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Say's masterfully executed watercolors tell as much of this story about a young woman's challenging transition from America to Japan as his eloquent, economical prose. Raised near San Francisco, Masako (her American friends called her May) is uprooted after high school when her parents return to their Japanese homeland. In addition to repeating high school to learn Japanese, she must learn the arts of a "proper Japanese lady"Äflower arranging, calligraphy and the tea ceremonyÄand is expected to marry well. Declaring "I'd rather have a turtle than a husband," the independent-minded Masako heads for the city of Osaka and gets a job in a department store. With his characteristic subtlety, Say sets off his cultural metaphor from the very start, contrasting the green tea Masako has for breakfast in her home, with the "tea with milk and sugar" she drinks at her friends' houses in America. Later, when she meets a young Japanese businessman who also prefers tea with milk and sugar to green tea, readers will know that she's met her match. Say reveals on the final page that the couple are his parents. Whether the subject is food ("no more pancakes or omelets, fried chicken or spaghetti" in Japan) or the deeper issues of ostracism (her fellow students call Masako "gaijin"Äforeigner) and gender expectations, Say provides gentle insights into human nature as well as East-West cultural differences. His exquisite, spare portraits convey emotions that lie close to the surface and flow easily from page to reader: with views of Masako's slumping posture and mask-like face as she dons her first kimono, or alone in the schoolyard, it's easy to sense her dejection. Through choice words and scrupulously choreographed paintings, Say's story communicates both the heart's yearning for individuality and freedom and how love and friendship can bridge cultural chasms. Ages 4-8. (Apr.)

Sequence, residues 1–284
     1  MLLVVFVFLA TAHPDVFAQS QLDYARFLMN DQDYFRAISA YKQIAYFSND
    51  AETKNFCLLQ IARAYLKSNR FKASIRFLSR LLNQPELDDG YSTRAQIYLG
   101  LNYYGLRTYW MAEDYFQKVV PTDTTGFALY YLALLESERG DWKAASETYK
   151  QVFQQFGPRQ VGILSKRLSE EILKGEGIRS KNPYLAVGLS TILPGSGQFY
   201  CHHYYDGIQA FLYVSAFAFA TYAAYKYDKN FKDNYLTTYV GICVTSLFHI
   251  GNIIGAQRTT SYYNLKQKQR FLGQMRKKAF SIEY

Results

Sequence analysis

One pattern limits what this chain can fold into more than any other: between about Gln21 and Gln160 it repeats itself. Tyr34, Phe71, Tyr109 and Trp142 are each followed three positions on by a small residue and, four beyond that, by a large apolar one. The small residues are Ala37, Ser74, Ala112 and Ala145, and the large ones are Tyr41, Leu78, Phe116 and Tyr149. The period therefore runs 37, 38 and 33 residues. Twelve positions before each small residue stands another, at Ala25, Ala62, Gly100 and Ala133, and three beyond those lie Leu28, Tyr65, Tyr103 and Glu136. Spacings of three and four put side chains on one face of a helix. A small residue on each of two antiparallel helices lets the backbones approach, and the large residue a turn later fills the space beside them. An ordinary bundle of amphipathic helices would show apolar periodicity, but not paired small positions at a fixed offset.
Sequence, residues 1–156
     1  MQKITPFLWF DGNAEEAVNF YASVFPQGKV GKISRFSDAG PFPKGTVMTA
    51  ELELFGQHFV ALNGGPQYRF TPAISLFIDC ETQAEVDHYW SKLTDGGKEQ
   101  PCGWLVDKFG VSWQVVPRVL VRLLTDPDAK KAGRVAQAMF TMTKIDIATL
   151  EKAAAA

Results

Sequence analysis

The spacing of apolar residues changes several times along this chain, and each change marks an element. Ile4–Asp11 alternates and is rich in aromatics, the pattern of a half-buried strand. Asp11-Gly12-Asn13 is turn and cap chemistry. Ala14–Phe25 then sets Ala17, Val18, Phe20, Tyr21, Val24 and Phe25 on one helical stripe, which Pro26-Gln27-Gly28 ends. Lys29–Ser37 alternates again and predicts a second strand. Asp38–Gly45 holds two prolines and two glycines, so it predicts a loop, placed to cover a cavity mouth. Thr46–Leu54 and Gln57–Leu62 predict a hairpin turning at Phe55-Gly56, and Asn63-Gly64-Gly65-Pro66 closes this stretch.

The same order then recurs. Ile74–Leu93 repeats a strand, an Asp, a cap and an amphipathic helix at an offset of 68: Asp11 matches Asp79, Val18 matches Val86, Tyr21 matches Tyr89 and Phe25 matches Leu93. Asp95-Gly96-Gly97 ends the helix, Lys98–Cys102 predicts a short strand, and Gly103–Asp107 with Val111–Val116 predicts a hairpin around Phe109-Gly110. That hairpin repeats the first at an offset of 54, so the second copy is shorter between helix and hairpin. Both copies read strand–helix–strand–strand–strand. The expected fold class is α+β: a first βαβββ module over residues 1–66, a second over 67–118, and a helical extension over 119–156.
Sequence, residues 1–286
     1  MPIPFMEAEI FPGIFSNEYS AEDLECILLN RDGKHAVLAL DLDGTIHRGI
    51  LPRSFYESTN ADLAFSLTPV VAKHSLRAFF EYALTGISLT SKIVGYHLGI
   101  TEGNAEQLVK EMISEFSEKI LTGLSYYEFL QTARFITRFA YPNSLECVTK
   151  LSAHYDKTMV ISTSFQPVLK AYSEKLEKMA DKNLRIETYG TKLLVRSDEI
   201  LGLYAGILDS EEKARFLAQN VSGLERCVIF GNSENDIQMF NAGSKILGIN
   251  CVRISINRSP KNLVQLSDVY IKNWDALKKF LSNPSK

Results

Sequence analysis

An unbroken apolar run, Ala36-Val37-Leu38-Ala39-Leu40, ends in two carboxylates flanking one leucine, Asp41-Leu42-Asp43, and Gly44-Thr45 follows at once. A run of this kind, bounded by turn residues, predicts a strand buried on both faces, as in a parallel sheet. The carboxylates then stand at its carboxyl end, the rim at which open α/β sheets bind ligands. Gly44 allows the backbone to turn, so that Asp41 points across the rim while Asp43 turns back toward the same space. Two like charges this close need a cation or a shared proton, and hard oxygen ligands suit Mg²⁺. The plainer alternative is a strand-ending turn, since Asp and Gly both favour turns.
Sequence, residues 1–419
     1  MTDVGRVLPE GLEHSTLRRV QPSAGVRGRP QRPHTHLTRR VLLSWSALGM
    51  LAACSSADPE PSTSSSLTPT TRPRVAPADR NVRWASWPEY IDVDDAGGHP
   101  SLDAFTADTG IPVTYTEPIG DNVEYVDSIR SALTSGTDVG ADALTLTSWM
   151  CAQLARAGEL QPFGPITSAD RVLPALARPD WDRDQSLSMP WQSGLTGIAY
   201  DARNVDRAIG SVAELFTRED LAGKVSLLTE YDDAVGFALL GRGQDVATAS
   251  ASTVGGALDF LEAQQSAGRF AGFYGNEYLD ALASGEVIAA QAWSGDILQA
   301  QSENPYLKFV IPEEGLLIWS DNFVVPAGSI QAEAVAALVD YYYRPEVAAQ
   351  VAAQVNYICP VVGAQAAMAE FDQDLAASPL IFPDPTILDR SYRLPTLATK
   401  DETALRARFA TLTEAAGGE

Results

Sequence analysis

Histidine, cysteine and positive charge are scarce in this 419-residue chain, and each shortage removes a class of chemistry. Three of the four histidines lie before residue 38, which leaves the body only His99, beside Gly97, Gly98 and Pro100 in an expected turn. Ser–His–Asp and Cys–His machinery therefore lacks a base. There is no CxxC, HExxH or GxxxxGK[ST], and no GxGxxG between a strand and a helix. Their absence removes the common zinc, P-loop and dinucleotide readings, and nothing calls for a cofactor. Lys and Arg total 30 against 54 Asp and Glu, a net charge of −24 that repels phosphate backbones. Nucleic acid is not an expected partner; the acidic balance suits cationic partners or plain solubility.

K-Gr 6-When her Japanese-born parents leave America for their homeland, an independent girl reluctantly follows and melds her experience and her heritage to find a new meaning for the word "home." This perfect marriage of artwork and text offers readers a window into a different place and time. (May) Copyright 1999 Cahners Business Information.